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Chapter 1: Sociology and the Real World

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Donna Wood

on 27 August 2015

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Transcript of Chapter 1: Sociology and the Real World

Reality TV:
Why Do We Watch?
Chapter 1: Sociology and the Real World
Practical vs. Scientific
Knowledge
What is Sociology?
The systematic or scientific study of human behavior, from large-scale institutions and mass culture to small groups and individual interactions.
Howard Becker: People doing things together.
Beginner's Mind
The beginner's mind approaches the world without knowing in advance what it will find; it is open and receptive to experience.
Culture Shock
A sense of disorientation that occurs when you enter a radically new social or cultural environment.
Mills: The Sociological Imagination
A quality of the mind that allows us to understand the relationship between our individual circumstances and larger social forces.
One of the most important benefits of using the sociological imagination is access to a world beyond our own immediate sphere, where we can discover radically different ways of experiencing life and interpreting reality.
It helps us appreciate alternative viewpoints and understand how they come about. This, in turn, helps us to understand better how we developed our own values, beliefs, and attitudes.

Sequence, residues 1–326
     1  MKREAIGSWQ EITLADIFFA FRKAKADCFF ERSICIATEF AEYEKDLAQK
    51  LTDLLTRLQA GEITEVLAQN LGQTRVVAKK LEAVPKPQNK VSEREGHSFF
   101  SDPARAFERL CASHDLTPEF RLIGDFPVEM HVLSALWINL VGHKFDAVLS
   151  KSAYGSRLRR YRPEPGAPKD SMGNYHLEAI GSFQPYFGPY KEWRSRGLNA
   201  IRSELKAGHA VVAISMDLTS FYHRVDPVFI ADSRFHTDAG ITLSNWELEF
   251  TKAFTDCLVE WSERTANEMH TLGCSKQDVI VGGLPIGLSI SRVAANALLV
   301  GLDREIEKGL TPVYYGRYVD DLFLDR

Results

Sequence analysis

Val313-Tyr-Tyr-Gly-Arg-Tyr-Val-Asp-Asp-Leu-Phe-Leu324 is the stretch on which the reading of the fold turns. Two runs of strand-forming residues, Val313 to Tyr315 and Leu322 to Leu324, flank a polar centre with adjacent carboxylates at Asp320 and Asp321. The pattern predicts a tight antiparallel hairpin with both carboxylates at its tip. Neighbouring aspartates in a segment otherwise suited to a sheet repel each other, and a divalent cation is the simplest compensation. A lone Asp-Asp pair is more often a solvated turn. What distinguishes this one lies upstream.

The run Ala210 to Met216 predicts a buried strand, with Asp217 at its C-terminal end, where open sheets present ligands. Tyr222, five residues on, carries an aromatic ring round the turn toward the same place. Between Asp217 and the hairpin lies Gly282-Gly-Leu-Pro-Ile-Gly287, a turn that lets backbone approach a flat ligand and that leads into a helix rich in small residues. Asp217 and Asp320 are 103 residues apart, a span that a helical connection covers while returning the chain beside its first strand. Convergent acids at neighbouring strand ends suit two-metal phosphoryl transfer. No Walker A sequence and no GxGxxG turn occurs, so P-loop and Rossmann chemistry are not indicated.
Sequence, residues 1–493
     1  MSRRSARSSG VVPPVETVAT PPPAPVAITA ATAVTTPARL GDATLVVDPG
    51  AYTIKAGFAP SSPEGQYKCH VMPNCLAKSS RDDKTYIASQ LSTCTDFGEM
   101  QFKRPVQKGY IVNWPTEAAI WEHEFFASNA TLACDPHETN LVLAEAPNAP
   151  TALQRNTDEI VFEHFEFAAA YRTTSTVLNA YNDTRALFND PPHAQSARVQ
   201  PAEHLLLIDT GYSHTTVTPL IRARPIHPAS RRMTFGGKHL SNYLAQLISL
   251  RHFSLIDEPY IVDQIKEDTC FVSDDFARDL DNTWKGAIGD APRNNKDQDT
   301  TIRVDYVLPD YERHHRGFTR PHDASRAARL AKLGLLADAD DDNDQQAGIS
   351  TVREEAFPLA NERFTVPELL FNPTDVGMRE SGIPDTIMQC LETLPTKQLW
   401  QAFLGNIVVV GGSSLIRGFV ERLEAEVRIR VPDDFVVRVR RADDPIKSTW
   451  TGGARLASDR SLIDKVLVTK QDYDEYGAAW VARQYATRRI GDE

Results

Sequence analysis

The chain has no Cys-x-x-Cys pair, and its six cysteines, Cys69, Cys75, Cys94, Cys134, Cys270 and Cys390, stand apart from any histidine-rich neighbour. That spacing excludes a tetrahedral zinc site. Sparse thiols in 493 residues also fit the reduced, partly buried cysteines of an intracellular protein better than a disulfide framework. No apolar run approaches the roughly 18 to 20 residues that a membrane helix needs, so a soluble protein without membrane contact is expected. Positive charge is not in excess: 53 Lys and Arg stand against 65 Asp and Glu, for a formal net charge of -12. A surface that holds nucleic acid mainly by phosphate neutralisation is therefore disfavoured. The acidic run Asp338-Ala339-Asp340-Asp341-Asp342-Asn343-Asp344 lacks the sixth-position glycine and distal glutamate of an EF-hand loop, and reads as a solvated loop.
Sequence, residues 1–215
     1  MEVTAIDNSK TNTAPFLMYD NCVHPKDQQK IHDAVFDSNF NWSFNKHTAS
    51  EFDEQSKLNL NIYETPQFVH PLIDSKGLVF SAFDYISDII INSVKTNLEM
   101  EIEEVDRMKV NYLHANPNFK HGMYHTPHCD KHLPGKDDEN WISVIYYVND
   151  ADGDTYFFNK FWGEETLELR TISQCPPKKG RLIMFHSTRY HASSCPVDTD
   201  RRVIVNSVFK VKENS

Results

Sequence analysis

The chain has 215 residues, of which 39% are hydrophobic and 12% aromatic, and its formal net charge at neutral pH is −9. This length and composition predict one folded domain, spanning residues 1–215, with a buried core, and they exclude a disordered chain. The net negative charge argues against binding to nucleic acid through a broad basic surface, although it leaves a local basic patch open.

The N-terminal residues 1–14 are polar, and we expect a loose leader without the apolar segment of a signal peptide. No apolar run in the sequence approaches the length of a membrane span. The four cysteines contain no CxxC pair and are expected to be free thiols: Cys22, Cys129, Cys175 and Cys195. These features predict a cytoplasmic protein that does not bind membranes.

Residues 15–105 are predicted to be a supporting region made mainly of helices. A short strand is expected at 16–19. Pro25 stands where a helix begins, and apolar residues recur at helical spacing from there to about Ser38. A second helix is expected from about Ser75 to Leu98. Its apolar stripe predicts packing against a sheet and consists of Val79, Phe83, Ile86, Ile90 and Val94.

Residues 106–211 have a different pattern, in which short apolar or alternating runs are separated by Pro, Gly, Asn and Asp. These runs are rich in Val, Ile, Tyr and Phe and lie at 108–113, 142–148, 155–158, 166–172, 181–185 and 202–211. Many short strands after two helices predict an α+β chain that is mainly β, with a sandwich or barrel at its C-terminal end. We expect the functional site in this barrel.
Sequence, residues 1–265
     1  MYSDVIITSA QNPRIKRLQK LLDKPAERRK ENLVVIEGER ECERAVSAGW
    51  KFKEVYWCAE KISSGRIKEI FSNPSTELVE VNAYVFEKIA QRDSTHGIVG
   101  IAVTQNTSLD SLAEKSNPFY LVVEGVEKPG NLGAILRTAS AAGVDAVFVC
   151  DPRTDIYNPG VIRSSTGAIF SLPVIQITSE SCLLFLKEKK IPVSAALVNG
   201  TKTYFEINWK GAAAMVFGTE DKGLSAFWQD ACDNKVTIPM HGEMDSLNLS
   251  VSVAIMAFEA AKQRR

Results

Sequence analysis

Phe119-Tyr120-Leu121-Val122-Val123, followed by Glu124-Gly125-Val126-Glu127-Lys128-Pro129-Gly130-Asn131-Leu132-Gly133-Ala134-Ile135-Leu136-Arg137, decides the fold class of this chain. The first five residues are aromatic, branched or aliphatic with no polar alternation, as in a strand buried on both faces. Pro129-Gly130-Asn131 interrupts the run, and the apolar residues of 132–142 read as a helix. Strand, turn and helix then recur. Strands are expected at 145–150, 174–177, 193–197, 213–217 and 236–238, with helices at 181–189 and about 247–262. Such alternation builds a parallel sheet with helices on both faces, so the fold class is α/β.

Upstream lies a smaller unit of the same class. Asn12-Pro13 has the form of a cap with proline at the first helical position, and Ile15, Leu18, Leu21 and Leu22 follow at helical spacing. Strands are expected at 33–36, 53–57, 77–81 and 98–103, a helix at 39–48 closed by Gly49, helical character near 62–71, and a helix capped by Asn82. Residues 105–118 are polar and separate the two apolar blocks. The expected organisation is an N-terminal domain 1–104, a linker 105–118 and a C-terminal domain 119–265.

Mills: The Sociological Imagination
Mills: The Sociological Imagination
Mills: The Sociological Imagination
The ability to understand "the intersection between biography and history" and our place within it.
Private vs. Public
Micro / Macro
Microsociology: the level of analysis that studies the face-to-face and small group interactions in order to understand how they affect the larger patterns and institutions of society.
Macrosociology: the level of analysis that studies large-scale social structures in order to determine how they affect the lives of groups and individuals.
MICRO
Interaction: The Work Women Do (Fishman)
Fishman was able to tell how macro-level phenomena like gender and power are manifested in everyday interactions with her study of heterosexual couples' conversations in their homes. She found that men are more likely to interrupt, change the subject, or fail to respond. According to her study, women are more likely to ask more questions as a conversational tool.
MACRO
Male/Female Occupational Analysis (Williams)
Williams studied men and women in occupations dominated by the opposite sex. She found that women in male-dominated fields experience limits on their advancement (the glass ceiling). While men in female-dominated occupations usually experience rapid rates of upward mobility (the glass escalator).
Sociology's Family Tree
Social Theories
Social theories are guiding principles or abstract models that attempt to explain and predict the social world. They may also be thought of as approaches, perspectives, schools of thought, or paradigms.

The four primary sociological perspectives are:

Structural Functionalism
Conflict Theory
Symbolic Interactionism
Postmodernism

Auguste Comte
The first to provide a program for the scientific study of society
Positivism
Introduction to Positive Philosophy (1842) - became the scientific foundation of a scientific discipline that would describe the laws of social phenomena and help control social life: sociology
Harriet Martineau
Herbert Spencer
Emile Durkheim
Karl Marx
Max Weber
George Herbert Mead
The Real World: An Introduction to Sociology, Ferris, K., & Stein, J. (2014). 4th ed., Norton, ISBN: 0-393-92258-8, ISBN-13: 978-0-393-92258-5
English - Well-educated
Traveled to US to judge the new democracy on its own terms
Author of two books
Translated Comte's work into English
Primarily responsible for the establishment of sociology in Britain and the U. S.
Societies are living organisms that grow and evolve
Social Darwinism: the application of the theory of evolution and the notion of "survival of the fittest" to the study of society